1018mb high pressure remains in control for Monday for the entire Middle Atlantic region for another beautiful day. 15C H85 thermals will promote a mild day for much of the Middle Atlantic under clear skies only with a few patchy cumuli. Dew points will generally be pretty low in the mid to upper 50s throughout the day with low 60s over southern Maryland and southern Delaware. Patchy morning fog is likely after some radiational cooling. With a 15degree temperature contrast between lows Sunday night and water temperatures fog will become locally dense in the river valleys particularly across the western branch of the Susquehanna with visibilities below a quarter of a mile. Elsewhere generally ground fog will form with condensation values being reach by morning under calm winds and high pressure. Fog will limit visibility generally down to 1mile in the mountain valleys. By 9am fog will burn off with brilliant sunshine throughout the day. Highs will approach 84-86 for Washington DC with low 80s for most of Maryland, Delaware, and southern Pennsylvania. Western Maryland and north of the Pennsylvania turnpike will have highs in the upper 70s. Monday night will feature once again the typical Autumn radiational cooling conditions with clear skies, calm winds, and low dew points. With cool air sinking from the mountains into the valleys and the warm air rising, valley locations may drop into the 40s for western Maryland west of Cumberland and 40s for western and northern Pennsylvania. Central Pennsylvania and northern Maryland will see lows in the low to mid 50s with upper 50s and low 60s for Delaware and southern Maryland. Tuesday will be another gorgeous day with 1018mb high pressure in control. A cold front though will be dropping down through the Great Lakes and New York State promoting a few afternoon cumulus and cirrus clouds. Once again similar fog conditions will be likely Tuesday morning as there was Monday morning. This time of year is fog season you have to remember. Similar high temperatures will occur Tuesday as Monday but slightly warmer as winds shift near 260degrees. Highs will reach the mid 80s for the Philadelphia, Dover, Baltimore, and Washington DC metro areas with low 80s in surrounding suburbs. Western Maryland through the rest of Pennsylvania will feature highs in the upper 70s. Conditions begin to deteriorate slightly through Tuesday night. An alto-stratus deck will begin to move south through Pennsylvania and northern Maryland overnight. Weak frontogenesis will inhibit most moisture with PWATs only near 1inch, but a few sprinkles are possible with a few hundredths of an inch of rain for the state of Pennsylvania. Overnight lows will be in the 50s for Pennsylvania with low to mid 60 for Maryland, Delaware, and the Philadelphia metro region. Wednesday morning the stratus cloud deck will begin to thicken over the region with a few morning sprinkles over Maryland and Delaware. With the cold front passed through the Middle Atlantic stalling over northern Virginia, cool air will work its way over the region with a strong 1028mb high to the north. Cold air damming conditions will prevail and a difficult forecast resumes for the end of the week. Wednesday looks generally cloudy with cool temperatures. Highs for elevations above 1800ft will be in the low to mid 60s with 70s elsewhere over the region. Wednesday night begins the overrunning event with a series of weak waves along the quasi-stationary boundary. GFS is really on the wet side producing several inches of rain for southern Pennsylvania and northern Maryland, but I think it is suffering some convective feedback problems. Although the ECMWF has gotten increasingly wet in this time period, so possibly another heavy rain event is in store. Wednesday night will feature lows in the 60s for the entire region of Maryland and Delaware with upper 50s for southern Pennsylvania and mid 50s for northern Pennsylvania. QPF will remain below .05inch overnight Wednesday.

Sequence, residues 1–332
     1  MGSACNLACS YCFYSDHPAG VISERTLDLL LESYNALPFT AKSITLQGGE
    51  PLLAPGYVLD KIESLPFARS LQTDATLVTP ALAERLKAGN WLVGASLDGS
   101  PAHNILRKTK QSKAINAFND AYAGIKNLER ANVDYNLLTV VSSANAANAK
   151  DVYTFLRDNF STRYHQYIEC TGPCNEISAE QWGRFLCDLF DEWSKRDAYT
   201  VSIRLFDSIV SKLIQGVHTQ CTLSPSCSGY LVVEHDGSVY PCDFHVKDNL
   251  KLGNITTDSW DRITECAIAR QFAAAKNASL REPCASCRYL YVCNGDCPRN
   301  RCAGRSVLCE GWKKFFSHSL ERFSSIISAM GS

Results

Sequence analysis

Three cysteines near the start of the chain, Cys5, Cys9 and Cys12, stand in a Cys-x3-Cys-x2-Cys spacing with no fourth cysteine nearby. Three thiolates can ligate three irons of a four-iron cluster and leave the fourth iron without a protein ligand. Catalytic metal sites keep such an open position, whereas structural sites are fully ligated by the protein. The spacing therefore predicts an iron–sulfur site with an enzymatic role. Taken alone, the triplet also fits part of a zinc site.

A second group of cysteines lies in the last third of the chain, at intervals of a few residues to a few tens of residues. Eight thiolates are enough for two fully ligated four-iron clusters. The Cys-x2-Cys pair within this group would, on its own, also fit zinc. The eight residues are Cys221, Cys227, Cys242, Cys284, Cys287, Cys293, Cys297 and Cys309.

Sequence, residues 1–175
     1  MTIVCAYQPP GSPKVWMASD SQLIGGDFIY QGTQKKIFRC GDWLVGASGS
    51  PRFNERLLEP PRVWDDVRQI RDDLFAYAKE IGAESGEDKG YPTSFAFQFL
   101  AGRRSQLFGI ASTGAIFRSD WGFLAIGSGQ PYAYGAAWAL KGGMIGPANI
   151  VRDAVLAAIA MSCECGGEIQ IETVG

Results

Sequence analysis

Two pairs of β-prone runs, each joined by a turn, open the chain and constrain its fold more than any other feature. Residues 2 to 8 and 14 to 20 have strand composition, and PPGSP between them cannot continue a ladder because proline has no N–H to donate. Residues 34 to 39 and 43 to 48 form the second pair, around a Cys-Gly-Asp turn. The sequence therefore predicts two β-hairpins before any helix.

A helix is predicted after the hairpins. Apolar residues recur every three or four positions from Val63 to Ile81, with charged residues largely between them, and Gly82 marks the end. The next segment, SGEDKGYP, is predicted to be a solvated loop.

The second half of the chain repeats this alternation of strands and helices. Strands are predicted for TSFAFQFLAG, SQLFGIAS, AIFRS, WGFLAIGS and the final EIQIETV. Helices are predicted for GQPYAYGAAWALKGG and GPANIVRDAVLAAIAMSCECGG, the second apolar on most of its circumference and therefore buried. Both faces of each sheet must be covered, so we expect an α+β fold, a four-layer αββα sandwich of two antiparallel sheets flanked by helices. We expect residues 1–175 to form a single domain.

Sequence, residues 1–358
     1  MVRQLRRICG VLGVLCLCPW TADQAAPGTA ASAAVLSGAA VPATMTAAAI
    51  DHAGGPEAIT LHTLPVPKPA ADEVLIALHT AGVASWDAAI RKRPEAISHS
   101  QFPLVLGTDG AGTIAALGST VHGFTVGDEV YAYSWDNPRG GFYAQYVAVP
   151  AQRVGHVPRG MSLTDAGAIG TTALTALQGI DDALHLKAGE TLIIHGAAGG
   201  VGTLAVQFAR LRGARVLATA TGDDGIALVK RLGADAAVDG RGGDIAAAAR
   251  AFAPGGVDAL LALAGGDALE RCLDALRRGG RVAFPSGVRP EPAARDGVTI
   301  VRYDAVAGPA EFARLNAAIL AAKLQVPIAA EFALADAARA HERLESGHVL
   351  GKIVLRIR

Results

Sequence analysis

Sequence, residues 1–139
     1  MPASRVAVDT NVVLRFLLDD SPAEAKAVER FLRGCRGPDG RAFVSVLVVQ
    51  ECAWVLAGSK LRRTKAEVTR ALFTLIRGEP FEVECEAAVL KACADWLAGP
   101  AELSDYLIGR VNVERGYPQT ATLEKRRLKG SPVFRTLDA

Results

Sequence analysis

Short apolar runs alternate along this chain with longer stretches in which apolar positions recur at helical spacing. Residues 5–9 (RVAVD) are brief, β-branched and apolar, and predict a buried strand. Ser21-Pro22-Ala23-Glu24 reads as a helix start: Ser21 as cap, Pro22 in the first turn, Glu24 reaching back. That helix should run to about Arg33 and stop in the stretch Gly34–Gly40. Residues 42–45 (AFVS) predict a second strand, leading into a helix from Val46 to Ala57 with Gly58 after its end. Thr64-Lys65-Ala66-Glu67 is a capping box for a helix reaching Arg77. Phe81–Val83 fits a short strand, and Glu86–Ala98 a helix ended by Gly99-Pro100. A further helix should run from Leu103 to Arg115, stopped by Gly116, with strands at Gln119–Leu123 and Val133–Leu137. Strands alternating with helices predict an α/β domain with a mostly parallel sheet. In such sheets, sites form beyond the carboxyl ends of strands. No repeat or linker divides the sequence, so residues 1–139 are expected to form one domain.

Just a reminder, this period from Wednesday through Friday remains lower than normal confidence, but I will provide updates throughout the week in my comments. Anyway clouds will begin to lower Thursday with IFR conditions for most of Pennsylvania except for extreme northwestern areas and all of Maryland and Delaware. Stratus ceilings will lower to 700ft with visibilities dropping to near 5miles. Isentropic lift and post frontogenesis will allow light to moderate rain to form Thursday with a weak shortwave. PWATs also will increase towards later in the day as tropical moisture works into the region up from the Gulf of Mexico. QPF amounts remain uncertain, but a general .5inch or so is possible. Rainfall will be in the form of several waves. Highs Thursday will be cool with an anticyclone to the north favoring cold air damming; also the flow will be onshore. Highs will be in the 50s for areas north of the Pennsylvania turnpike with 60s to the south through southern Maryland. Towards Thursday night a low pressure ejects out of the southeast along the quasi-stationary boundary. Increasing moisture and isentropic lift will promote a period of moderate to heavy rain towards Thursday evening with maybe some heavy QPF towards .75inches. Thursday night lows will be in the 50s for all three states with low stratus and rain. Friday will feature more rounds of rainfall ranging in intensity with weak warm air advection aloft, but cold air damming at the surface. Rainfall amounts will be .25-.5inches with highs in the 60s along and south of the Pennsylvania turnpike with 50s to the north. Friday night again will feature rain in the evening, but conditions may improve late. Lows again will be in the 50s. Keep in mind this period remains highly questionable and volatile so stay tuned for the latest updates. For now a reasonable estimate is for a period of unsettled weather from Wednesday through Friday with on and off rain, possibly heavy at times. Temperatures will also be well below normal with cold air damming conditions from a strong 1030mb high to the north. By the weekend conditions will improve; see the long term forecast for more details.